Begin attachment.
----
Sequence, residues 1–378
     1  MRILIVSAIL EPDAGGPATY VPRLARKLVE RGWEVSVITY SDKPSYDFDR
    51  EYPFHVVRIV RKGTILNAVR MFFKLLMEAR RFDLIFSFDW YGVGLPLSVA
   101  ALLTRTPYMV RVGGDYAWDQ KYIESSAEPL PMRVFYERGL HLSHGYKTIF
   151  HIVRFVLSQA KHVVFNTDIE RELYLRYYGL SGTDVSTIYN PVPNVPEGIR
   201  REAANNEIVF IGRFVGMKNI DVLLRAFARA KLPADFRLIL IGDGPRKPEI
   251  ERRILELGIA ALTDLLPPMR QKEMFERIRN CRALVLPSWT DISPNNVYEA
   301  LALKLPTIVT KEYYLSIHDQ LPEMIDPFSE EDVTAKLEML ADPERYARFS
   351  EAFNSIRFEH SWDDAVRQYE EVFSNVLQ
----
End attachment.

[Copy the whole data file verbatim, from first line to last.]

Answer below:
Sequence, residues 1–378
     1  MRILIVSAIL EPDAGGPATY VPRLARKLVE RGWEVSVITY SDKPSYDFDR
    51  EYPFHVVRIV RKGTILNAVR MFFKLLMEAR RFDLIFSFDW YGVGLPLSVA
   101  ALLTRTPYMV RVGGDYAWDQ KYIESSAEPL PMRVFYERGL HLSHGYKTIF
   151  HIVRFVLSQA KHVVFNTDIE RELYLRYYGL SGTDVSTIYN PVPNVPEGIR
   201  REAANNEIVF IGRFVGMKNI DVLLRAFARA KLPADFRLIL IGDGPRKPEI
   251  ERRILELGIA ALTDLLPPMR QKEMFERIRN CRALVLPSWT DISPNNVYEA
   301  LALKLPTIVT KEYYLSIHDQ LPEMIDPFSE EDVTAKLEML ADPERYARFS
   351  EAFNSIRFEH SWDDAVRQYE EVFSNVLQ